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CSPAN-Trump in 2017 at the Building Trades Conference

Biden Can't Count on the Union Vote

An unsurprising poll shows the building trades split between Biden and Trump

Kris LaGrange's picture
Sep 22, 2020

Both Trump and former Vice President Joe Biden tout themselves as the candidate of the working man. While Biden has gained many union endorsements, Trump is hoping to repeat his wins in Michigan, Ohio, Wisconsin, and Pennsylvania with the support of white working-class men, many of them in unions.

While many unions have spent the past four years talking to their members about how Trump has attacked unions and made it more dangerous to go to work, it appears that little has changed since 2016. According to a new poll commissioned by North America’s Building Trades Unions of their members in six key swing states, Biden and Trump are essentially tied with Biden getting 48% of the vote and Trump getting 47%. The poll, which was obtained by Politico, did show one piece of good news for Biden though. Trump’s support has dropped 7 points since March, largely due to his handling of the COVID-19 pandemic.

While union voters are historically strong Democrats, exit polls showed that they decided to support Trump in greater numbers than in past elections. Hillary Clinton won union voters by less than half of what President Barack Obama won them by in 2012. FiveThirtyEight even said that this swing in votes was enough to swing three, key, blue wall states to Trump. All three of the states are essential for Biden to win if he wants to be elected President.

Although union density continues to stagnate or drop, union voters still represent a sizable number of voters in many states including Michigan, Wisconsin, and Pennsylvania. According to the Gallup poll from earlier this month, 1 in 6 voters will either be a union member or live in a union household. In a state like Michigan, that number increases to 1 in 4.

Even in the face of constant attacks on prevailing wage, safety standards, and the right to organize, union officials say that many of these building trades members are still supporting Trump. “He has a very, very, very solid foundation of our members,” said James Williams, a vice president of the International Union of Painters and Allied Trades, to Politico. He said surveys of his members painted a similar picture to the Building Trades survey. “They connect with his messaging and a lot of the fear-mongering going all the way back to when he was first elected with, ‘Be afraid of the immigrant. The immigrant’s here to take your job.’ That resonated with our membership. They feel like their way of life and their way of living is under attack and without really understanding the dynamics at play. I mean, the immigrant worker is being abused by employers.”

This leads to a bigger question that UCOMM may have to answer in a future story; why are union leaders afraid to advocate to their members for their endorsed candidate, Joe Biden? All of organized labor has endorsed Biden for President, but then some local union leaders fail to include casting a ballot for Biden in their GOTV communications. UCOMM knows this first hand which leads us to believe that the union endorsement isn't as powerful as it used to be. Some savvy politicians know that a union endorsement is only as good as the PAC check that it writes. Since union leaders are elected by their members', some inexperienced labor leaders chose to watch their nation burn rather than lose union re-election. It's a sign of our times.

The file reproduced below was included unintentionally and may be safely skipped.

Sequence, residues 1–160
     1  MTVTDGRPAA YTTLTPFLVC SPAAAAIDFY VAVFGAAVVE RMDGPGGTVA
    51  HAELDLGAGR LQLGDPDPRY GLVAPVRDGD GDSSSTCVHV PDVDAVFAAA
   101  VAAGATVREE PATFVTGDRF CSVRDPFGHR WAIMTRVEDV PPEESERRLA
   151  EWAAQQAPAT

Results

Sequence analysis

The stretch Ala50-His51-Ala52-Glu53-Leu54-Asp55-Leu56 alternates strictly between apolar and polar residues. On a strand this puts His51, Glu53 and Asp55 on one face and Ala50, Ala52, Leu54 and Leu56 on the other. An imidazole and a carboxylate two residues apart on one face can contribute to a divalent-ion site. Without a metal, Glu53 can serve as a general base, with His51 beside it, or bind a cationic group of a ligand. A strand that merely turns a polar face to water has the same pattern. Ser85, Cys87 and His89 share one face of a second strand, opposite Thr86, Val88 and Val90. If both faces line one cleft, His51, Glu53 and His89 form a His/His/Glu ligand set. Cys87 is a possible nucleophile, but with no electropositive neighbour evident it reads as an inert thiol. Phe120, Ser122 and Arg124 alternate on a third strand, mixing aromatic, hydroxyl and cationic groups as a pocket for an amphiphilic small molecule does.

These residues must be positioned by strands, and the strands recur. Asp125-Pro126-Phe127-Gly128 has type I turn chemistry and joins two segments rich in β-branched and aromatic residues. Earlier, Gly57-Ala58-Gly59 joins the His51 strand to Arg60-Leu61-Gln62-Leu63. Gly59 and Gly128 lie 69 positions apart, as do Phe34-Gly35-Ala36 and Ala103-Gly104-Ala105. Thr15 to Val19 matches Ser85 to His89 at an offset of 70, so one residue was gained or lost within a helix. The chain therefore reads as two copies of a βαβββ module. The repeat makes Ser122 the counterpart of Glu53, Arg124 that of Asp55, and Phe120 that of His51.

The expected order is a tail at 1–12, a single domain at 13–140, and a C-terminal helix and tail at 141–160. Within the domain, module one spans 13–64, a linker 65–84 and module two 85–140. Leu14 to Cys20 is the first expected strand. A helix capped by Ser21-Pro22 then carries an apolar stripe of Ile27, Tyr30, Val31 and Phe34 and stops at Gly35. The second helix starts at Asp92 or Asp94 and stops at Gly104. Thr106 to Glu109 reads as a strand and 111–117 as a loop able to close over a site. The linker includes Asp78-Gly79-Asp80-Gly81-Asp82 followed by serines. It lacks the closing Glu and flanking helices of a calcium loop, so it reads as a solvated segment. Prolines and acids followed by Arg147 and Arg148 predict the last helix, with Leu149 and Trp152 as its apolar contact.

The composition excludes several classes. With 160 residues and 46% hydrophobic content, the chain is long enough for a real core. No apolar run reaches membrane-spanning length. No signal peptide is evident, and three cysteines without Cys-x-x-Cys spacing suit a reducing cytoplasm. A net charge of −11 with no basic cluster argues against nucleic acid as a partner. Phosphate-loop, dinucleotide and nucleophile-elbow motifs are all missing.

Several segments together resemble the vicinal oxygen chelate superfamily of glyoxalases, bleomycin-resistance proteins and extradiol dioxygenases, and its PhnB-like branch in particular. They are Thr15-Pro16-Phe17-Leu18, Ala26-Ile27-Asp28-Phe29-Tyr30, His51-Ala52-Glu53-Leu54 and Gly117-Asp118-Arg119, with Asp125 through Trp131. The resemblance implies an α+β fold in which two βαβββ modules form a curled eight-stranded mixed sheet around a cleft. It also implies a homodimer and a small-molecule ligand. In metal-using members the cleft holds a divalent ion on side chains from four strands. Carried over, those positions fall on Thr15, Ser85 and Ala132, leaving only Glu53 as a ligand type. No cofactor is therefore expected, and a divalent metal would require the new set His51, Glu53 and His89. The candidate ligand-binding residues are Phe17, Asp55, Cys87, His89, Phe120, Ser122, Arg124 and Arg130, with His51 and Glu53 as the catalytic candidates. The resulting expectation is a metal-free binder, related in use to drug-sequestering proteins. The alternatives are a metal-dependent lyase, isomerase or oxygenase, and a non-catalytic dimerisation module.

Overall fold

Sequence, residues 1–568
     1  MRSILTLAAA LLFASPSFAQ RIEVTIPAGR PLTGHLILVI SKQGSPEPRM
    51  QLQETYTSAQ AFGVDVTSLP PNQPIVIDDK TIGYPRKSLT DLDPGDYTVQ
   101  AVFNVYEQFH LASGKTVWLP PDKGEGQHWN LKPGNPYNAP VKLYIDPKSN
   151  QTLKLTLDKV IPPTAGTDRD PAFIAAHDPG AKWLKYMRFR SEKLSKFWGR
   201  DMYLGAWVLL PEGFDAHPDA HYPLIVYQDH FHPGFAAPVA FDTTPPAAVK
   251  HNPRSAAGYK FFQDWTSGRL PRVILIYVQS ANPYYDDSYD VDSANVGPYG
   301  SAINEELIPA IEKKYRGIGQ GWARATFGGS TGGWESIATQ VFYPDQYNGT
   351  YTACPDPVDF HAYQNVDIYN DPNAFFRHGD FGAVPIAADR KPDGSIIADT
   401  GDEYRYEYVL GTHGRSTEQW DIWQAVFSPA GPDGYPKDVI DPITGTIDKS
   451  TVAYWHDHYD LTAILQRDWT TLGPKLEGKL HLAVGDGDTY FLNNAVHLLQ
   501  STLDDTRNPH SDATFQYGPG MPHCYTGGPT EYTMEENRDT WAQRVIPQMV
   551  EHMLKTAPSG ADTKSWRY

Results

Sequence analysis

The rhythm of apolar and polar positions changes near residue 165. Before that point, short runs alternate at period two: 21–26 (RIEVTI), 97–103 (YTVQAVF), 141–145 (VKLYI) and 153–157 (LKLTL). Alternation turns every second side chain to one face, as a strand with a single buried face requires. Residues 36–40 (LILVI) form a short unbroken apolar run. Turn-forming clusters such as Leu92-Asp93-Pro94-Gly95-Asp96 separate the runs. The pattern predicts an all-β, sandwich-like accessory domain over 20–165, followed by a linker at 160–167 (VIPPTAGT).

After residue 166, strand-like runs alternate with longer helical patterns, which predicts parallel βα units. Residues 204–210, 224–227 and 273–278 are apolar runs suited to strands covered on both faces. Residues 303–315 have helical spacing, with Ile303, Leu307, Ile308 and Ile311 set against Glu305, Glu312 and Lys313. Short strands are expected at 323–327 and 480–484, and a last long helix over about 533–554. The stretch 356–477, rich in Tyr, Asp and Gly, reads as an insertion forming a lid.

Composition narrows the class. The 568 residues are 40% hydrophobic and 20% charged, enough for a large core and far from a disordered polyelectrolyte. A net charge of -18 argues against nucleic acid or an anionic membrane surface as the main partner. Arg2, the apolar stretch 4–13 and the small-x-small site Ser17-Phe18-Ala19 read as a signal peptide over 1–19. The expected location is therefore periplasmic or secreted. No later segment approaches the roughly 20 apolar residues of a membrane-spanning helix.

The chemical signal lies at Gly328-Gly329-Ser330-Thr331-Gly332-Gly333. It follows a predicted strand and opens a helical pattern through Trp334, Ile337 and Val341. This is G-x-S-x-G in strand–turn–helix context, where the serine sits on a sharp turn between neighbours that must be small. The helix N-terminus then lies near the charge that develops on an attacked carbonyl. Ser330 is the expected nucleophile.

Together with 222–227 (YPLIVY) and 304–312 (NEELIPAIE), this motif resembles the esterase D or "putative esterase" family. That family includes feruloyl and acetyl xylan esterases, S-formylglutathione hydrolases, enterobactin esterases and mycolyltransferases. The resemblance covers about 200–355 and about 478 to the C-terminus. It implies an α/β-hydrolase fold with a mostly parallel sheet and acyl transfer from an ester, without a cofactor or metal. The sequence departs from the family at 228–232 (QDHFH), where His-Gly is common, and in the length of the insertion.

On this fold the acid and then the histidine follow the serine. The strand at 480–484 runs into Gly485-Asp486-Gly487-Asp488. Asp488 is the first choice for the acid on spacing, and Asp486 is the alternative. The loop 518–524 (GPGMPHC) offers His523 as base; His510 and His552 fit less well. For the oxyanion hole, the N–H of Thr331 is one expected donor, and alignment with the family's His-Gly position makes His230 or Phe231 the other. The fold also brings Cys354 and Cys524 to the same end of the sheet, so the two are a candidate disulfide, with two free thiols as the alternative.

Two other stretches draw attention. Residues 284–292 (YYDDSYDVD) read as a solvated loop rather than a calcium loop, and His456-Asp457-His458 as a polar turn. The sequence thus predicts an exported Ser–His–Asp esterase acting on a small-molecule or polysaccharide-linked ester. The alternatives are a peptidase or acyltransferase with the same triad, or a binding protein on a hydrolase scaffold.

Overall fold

Midwest voters may also be less likely to support Biden because he previously supported the North American Free Trade Agreement (NAFTA) and the Trans-Pacific Partnership (TPP). However, Trump doesn’t get off scot-free here. Trump has started a trade war with China and tens of thousands of manufacturing jobs have been lost. He also failed to stop the closing of the Carrier plant in Indiana and the Lordstown, Ohio GM plant.

Local unions may also be at a disadvantage this year in making sure that their members get out and vote for Biden. Thanks to the COVID-19 pandemic, many have scaled back their famed door-knocking campaigns which are meant to inform and turnout their members. According to Politico, UNITE HERE is the only union that is doing canvassing on a large scale. Instead, the unions are phone banking, texting and using digital tools to talk to their members, but it just isn’t the same as having a one on one conversation in person.

“It’s such a different dynamic now, the lack of actually getting out and hitting the streets,” said Shawn Reents, an international representative for the IBEW and Wisconsin political coordinator. “Some locals are really jumping in with both feet. They’re in constant communication with their members, identifying unregistered or dropped voters, taking all the right steps.”

Labor voters in Wisconsin showed their power when they came out in huge numbers to defeat Governor Scott Walker who had spent two terms taking away their rights and passing Right to Work for both the public and the private sector. If Biden is to win these important swing states, he will need another surge in union voters coming out for him.

 

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